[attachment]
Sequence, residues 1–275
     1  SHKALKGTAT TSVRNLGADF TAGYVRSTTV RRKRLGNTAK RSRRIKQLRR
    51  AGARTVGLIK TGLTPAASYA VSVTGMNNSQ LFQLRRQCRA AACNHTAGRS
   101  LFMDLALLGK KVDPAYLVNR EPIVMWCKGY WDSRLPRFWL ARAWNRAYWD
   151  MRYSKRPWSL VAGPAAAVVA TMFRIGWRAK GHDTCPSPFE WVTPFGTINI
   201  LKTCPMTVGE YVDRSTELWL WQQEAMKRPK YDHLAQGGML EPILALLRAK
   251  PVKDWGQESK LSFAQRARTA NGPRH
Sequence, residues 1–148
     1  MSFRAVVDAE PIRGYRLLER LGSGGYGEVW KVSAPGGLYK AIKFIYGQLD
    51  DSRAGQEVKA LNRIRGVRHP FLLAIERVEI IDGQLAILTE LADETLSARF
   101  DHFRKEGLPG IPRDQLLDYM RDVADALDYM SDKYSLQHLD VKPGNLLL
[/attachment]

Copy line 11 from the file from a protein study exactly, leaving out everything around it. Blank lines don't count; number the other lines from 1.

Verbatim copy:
   101  DHFRKEGLPG IPRDQLLDYM RDVADALDYM SDKYSLQHLD VKPGNLLL